IVC Filter Wrongful Death Lawsuit Filed Over Bard G2 Filter Failure

One of the latest lawsuits filed against C.R. Bard involves a wrongful death complaint filed by a St. Louis woman, who alleges that her husband was killed due to complications with a Bard G2 inferior vena cava (IVC) filter.

The complaint (PDF) was filed by Catherine Rowden on September 28, in the U.S. District Court for the Eastern District of Missouri, over the death of her husband, Johnny Rowden.

According to the wrongful death lawsuit, Johnny Rowden had the small, retrievable filter implanted into his vena cava in November 2006, to “catch” blood clots that may break free from the deep veins and prevent them from causing a pulmonary embolism. However, Catherine Rowden alleges that the Bard G2 filter failed after it was implanted, tilting out of position and perforating the vein. As a result, the device was ineffective at preventing a deadly clot from moving to the heart or lungs.

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The case joins a growing number of IVC filter lawsuits filed on behalf of individuals nationwide who have experienced similar problems, alleging that design problems with the Bard G2 and other retrievable filters make them prone to move out of position, fracture or ultimately fail.

“Due to Bard’s lack of understanding of caval anatomy and the forces the device would be exposed to once implanted, Bard set design specifications that were not clinically relevant and did not account for the forces these devices would actually see when implanted in the human body,” the lawsuit states. “Bard also failed to test the device under reasonably foreseeable conditions that the device could be exposed to when used in an intended and expected manner.”

The G2 filter is the second generation version of the Bard Recovery filter, which was itself known to have problems with fracturing and migration and had a very high failure rate. According to this and other recent lawsuits, Bard knew the design had problems, had seen reports of filter fractures and migration, but continued selling it anyway, before making minor changes and repackaging it as the G2 filter.

A recent investigative report by NBC news also delved into the development of the devices. According to the report, officials in C.R. Bard were warned about the problems by adverse event reports and their own employees, but continued to sell the devices, without warning the medical community of the problems.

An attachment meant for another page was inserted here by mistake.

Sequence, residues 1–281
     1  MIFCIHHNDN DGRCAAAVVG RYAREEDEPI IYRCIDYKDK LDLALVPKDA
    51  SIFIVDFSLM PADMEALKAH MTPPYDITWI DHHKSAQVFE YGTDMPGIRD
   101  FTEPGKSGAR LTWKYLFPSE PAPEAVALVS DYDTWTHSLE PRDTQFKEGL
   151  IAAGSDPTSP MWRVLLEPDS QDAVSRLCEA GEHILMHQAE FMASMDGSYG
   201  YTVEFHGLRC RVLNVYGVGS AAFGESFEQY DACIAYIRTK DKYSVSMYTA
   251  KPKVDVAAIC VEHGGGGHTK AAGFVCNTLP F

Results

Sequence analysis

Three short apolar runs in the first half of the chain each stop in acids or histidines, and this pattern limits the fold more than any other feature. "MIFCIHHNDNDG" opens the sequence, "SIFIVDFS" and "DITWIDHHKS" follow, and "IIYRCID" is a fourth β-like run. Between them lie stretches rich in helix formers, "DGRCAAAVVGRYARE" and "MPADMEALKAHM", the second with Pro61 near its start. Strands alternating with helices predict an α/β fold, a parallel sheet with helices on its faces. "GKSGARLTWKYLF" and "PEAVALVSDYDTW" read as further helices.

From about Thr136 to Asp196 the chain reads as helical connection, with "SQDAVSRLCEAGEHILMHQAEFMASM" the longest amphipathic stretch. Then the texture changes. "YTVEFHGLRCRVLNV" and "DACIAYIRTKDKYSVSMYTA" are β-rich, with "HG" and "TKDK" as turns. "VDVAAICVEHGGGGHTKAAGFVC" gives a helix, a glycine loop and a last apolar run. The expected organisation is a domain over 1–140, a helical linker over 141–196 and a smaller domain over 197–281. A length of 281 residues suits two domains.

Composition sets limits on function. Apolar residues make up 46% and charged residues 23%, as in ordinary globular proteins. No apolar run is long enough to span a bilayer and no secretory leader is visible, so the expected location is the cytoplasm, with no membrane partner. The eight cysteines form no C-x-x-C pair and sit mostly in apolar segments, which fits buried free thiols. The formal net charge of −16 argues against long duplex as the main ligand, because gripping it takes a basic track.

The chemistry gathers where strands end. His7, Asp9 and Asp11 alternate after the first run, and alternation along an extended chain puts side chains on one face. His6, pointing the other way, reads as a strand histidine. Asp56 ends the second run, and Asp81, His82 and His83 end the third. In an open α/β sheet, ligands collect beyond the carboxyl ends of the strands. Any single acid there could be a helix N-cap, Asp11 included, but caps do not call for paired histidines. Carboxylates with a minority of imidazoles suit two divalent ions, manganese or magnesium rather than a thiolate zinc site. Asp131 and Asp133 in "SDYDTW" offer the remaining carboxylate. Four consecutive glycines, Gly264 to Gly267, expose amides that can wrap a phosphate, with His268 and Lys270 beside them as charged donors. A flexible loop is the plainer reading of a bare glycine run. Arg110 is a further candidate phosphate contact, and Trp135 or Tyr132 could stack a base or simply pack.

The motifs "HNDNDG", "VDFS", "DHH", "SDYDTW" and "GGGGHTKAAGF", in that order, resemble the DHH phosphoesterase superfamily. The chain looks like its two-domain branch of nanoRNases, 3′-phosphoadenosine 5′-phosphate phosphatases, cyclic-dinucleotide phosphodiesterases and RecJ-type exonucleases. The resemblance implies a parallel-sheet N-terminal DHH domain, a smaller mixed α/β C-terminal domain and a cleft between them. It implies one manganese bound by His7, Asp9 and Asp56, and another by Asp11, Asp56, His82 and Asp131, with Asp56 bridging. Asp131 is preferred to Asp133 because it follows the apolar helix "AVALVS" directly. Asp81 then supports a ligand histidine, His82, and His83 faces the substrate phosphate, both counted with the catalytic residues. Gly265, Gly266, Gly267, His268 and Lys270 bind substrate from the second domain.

One employee, Kay Fuller, a regulatory specialist who worked for Bard on getting the Recovery approved, said she quit when the company would not address her concerns over the device’s health issues, and then forged her signature on the FDA approval application, according to NBC.

IVC Filter Lawsuits

The litigation over IVC filters emerged following an FDA statement issued in August 2010, which warned about the risk of retrievable filter problems, indicating that the agency had received hundreds of adverse event reports where filters broke free and travelled to other areas of the body or caused other injury.

In May 2014, the FDA urged doctors to remove IVC filters within about one to two months after the risk of a pulmonary embolism has passed, suggesting that many doctors were not adequately warned about the importance of retrieving the devices.

In August 2015, the U.S. Judicial Panel on Multidistrict Litigation established consolidated federal proceedings for Bard IVC filter lawsuits, centralizing the cases before U.S. District Judge David G. Campbell in the District of Arizona as part of a MDL, or multidistrict litigation.

Another consolidated MDL proceeding has been established for all Cook Medical IVC filter lawsuits, which raise similar allegations of problems associated with other retrievable devices, including the Cook Celect and Gunther Tulip filters. Those cases are centralized before U.S. District Judge Richard L. Young in the Southern District of Indiana.


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